It’s really scary to think, but entrepreneurship is synonymous with uncertainty. Life is unpredictable, and the same can be said for business owners. Seriously, you just never know when economic shifts, market trends, and unexpected challenges take place, and these are par for the course. Learning to embrace uncertainty, staying agile, and being open to adjusting your strategies are essential skills for navigating the unpredictable nature of business ownership.
It’s Almost Always an Emotional Rollercoaster
Honestly, just about every job is, but this just seems to be much stronger when you’re running a business. You’re supposed to feel strong and resilient, but that’s not always going to be the case. Of course, when starting a business is an emotional journey with highs and lows. In general, celebrating victories is important, but learning to cope with setbacks and uncertainty is equally crucial. Mental resilience and emotional intelligence are assets that can help you weather the emotional rollercoaster of entrepreneurship.
You’re Wearing Multiple Hats for the First Few Months or Years
As a new business owner, you’ll find yourself wearing multiple hats – from CEO to customer support. It’s horrible, but it’s just how it is. Of course, knowing your strengths and outsourcing or hiring for areas where you lack expertise is key to sustainable growth. But you need to have the funds before you can outsource.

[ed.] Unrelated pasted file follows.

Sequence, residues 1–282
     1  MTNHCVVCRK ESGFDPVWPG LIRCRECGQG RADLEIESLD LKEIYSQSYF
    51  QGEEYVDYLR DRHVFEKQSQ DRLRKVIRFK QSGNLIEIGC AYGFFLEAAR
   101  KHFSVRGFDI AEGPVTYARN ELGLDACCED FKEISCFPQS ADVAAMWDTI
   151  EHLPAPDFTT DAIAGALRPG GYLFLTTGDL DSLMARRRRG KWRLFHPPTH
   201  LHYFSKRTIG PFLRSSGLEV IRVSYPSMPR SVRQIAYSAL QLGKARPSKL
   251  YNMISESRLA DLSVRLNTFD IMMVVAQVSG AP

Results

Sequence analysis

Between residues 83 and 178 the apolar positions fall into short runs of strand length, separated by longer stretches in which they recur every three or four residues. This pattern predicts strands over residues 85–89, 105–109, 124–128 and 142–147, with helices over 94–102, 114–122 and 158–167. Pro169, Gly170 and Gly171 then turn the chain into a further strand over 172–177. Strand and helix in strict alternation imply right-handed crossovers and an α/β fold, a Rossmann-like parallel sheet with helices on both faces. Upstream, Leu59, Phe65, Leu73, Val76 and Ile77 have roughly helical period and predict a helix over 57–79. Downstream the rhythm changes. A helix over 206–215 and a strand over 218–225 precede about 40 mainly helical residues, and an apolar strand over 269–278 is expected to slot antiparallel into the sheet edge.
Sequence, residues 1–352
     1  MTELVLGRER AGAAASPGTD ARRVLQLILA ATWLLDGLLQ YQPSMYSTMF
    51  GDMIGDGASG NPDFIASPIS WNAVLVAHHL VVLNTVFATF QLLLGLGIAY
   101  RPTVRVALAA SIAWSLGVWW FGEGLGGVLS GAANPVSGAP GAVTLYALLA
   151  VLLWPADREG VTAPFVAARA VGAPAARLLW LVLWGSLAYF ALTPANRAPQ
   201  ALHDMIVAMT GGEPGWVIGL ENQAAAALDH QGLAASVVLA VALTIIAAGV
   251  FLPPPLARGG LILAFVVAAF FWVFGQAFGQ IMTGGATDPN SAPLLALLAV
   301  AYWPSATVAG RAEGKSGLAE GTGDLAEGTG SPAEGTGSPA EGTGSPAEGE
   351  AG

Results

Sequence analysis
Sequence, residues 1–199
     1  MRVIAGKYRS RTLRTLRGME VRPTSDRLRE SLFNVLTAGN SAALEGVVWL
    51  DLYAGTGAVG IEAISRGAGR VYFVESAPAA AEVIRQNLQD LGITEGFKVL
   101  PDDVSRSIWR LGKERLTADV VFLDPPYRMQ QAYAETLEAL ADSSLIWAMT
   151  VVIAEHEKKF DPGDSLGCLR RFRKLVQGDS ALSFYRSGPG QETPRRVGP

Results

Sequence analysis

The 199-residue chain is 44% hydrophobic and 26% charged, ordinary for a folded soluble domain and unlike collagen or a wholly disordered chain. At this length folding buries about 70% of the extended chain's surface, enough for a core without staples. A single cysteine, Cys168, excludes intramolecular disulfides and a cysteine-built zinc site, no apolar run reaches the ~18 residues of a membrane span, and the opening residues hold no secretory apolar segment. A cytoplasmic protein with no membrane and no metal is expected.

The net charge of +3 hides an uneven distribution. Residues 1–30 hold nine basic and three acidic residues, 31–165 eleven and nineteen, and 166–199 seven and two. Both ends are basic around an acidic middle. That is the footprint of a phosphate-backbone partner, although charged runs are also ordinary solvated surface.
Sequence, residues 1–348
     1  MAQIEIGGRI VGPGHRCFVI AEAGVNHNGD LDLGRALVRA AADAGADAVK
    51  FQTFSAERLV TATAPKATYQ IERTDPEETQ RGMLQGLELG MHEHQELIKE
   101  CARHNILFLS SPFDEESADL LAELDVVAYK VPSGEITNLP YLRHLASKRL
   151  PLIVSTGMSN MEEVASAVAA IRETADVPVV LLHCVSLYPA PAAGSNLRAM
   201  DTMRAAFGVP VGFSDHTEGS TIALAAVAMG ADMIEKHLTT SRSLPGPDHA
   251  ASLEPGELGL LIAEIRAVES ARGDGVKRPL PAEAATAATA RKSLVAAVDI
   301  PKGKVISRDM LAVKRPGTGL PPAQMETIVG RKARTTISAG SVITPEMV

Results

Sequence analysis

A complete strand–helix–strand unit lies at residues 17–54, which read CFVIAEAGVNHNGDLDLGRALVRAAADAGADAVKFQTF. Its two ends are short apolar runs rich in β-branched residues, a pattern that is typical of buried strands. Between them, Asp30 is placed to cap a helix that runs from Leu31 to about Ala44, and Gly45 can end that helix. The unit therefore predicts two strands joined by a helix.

You’ll Get Burnout Quickly
The passion that fuels your entrepreneurial journey can also lead to burnout if not managed effectively. It happens way more than you think, especially when you have high hopes, but none of it works in the way that you were planning for it all to happen. It’s going to happen, and it might happen more than you’d ever expect it to.
So, with that said, you’ll have to try and focus on this balancing act of work and personal life; taking breaks and recognizing when to ask for help are essential for preventing burnout. Sustainable success requires a healthy and well-rested entrepreneur.
You’ll Have to Learn to Say No
In the pursuit of growth; there will be numerous opportunities and requests for your time and resources. Learning to say no is a skill that will help you stay focused on your priorities and avoid spreading yourself too thin. Not every opportunity is the right fit for your business.
You’ll Be Juggling Passion and Practicality
While passion is a driving force behind many entrepreneurial ventures, the reality is that passion alone may not sustain your business. In general, it’s again, another balancing act where you’ll need to focus on balancing passion with a practical approach, focusing on market needs, and adapting your vision to meet customer demands are crucial for long-term success.
Overnight Success If a Myth
Well, for the most part, it is. Sure, sometimes, a few businesses get lucky to the point they go viral, or one good article written about them circulates like crazy. All of these can be very possible and plausible. But it’s so rare, it’s incredibly rare, and even if you or others make UGC, there’s still no guarantee it’d work!